Two editions of Fleurs du mal were published in Baudelaire's lifetime — one in 1857 and an expanded edition in 1861. "Scraps" and censored poems were collected in Les Épaves in 1866. After Baudelaire died the following year, a "definitive" edition appeared in 1868.

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Les Deux Bonnes Soeurs

La Débauche et la Mort sont deux aimables filles,
Prodigues de baisers et riches de santé,
Dont le flanc toujours vierge et drapé de guenilles
Sous l'éternel labeur n'a jamais enfanté.

Au poète sinistre, ennemi des familles,
Favori de l'enfer, courtisan mal renté,
Tombeaux et lupanars montrent sous leurs charmilles
Un lit que le remords n'a jamais fréquenté.

Et la bière et l'alcôve en blasphèmes fécondes
Nous offrent tour à tour, comme deux bonnes soeurs,
De terribles plaisirs et d'affreuses douceurs.

Quand veux-tu m'enterrer, Débauche aux bras immondes?
Ô Mort, quand viendras-tu, sa rivale en attraits,
Sur ses myrtes infects enter tes noirs cyprès?

Charles Baudelaire


The Two Good Sisters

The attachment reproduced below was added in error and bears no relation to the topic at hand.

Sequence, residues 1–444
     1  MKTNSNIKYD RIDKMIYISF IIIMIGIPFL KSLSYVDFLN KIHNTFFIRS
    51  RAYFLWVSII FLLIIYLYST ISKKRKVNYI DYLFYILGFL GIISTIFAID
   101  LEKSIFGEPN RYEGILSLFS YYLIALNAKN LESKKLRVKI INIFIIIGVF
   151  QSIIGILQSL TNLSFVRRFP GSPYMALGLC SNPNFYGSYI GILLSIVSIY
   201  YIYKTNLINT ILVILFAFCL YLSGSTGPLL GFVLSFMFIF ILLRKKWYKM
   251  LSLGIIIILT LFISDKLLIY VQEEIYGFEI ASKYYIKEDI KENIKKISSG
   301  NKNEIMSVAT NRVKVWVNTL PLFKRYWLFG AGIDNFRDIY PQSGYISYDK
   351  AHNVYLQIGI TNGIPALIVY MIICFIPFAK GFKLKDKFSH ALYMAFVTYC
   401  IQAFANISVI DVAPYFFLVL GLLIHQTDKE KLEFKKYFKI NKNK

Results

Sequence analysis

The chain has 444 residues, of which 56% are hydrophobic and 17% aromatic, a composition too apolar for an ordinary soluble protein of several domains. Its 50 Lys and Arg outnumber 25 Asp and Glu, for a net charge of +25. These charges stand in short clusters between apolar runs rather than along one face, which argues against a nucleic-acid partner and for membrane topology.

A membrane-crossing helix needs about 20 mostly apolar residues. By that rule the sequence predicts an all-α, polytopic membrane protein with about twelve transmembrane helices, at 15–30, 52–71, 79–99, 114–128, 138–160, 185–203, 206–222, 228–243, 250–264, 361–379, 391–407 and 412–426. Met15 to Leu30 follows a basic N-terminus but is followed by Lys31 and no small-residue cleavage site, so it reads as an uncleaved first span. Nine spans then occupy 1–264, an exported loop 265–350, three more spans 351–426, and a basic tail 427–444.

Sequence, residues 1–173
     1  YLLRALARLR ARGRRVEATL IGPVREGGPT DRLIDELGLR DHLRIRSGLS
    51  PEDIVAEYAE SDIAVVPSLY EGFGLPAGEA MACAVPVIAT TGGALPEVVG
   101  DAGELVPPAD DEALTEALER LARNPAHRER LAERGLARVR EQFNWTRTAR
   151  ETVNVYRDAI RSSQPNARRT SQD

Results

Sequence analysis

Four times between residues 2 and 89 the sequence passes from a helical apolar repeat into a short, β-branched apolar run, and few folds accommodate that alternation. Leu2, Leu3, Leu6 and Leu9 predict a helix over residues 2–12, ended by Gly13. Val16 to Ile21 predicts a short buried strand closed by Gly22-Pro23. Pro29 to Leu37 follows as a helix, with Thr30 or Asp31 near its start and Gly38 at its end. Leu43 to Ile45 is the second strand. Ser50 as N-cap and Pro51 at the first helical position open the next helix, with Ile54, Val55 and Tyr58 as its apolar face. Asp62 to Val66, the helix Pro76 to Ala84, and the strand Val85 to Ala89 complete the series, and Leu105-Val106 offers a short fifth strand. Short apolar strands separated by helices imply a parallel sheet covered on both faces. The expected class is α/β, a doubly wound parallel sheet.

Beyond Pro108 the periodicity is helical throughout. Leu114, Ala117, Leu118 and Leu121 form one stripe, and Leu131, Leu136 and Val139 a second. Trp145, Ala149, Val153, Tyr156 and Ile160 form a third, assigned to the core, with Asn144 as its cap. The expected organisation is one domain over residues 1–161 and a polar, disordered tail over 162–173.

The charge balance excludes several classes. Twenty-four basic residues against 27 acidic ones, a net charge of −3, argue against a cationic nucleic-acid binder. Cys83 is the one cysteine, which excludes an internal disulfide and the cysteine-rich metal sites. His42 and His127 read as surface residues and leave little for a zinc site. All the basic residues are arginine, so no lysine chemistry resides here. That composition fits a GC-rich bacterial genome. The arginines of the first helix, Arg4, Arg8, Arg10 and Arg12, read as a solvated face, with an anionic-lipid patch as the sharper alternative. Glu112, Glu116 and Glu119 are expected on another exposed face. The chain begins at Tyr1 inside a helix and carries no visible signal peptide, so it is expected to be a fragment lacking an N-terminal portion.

Debauchery and Death are two lovable girls,
Lavish with their kisses and rich with health,
Whose ever-virgin loins, draped with tattered clothes and
Burdened with constant work, have never given birth.

To the sinister poet, foe of families,
Poorly paid courtier, favorite of hell,
Graves and brothels show beneath their bowers
A bed in which remorse has never slept.

The bier and the alcove, fertile in blasphemies
Like two good sisters, offer to us in turn
Terrible pleasures and frightful sweetness.

When will you bury me, Debauch with the filthy arms?
Death, her rival in charms, when will you come
To graft black cypress on her infected myrtle?

— William Aggeler, The Flowers of Evil (Fresno, CA: Academy Library Guild, 1954)


The Two Good Sisters

Debauchery and Death are pleasant twins,
And lavish with their charms, a buxom pair!
Under the rags that clothe their virgin skins,
Their wombs, though still in labour, never bear.

For the curst poet, foe to married rest,
The friend of hell, and courtier on half-pay —
Brothels and tombs reserve for such a guest
A bed on which repentance never lay.

Both tomb and bed, in blasphemy so fecund
Each other's hospitality to second,
Prepare grim treats, and hatch atrocious things.

Debauch, when will you bury me? When, Death,
Mingle your Cypress in the selfsame wreath
With the infected Myrtles that she brings?

— Roy Campbell, Poems of Baudelaire (New York: Pantheon Books, 1952)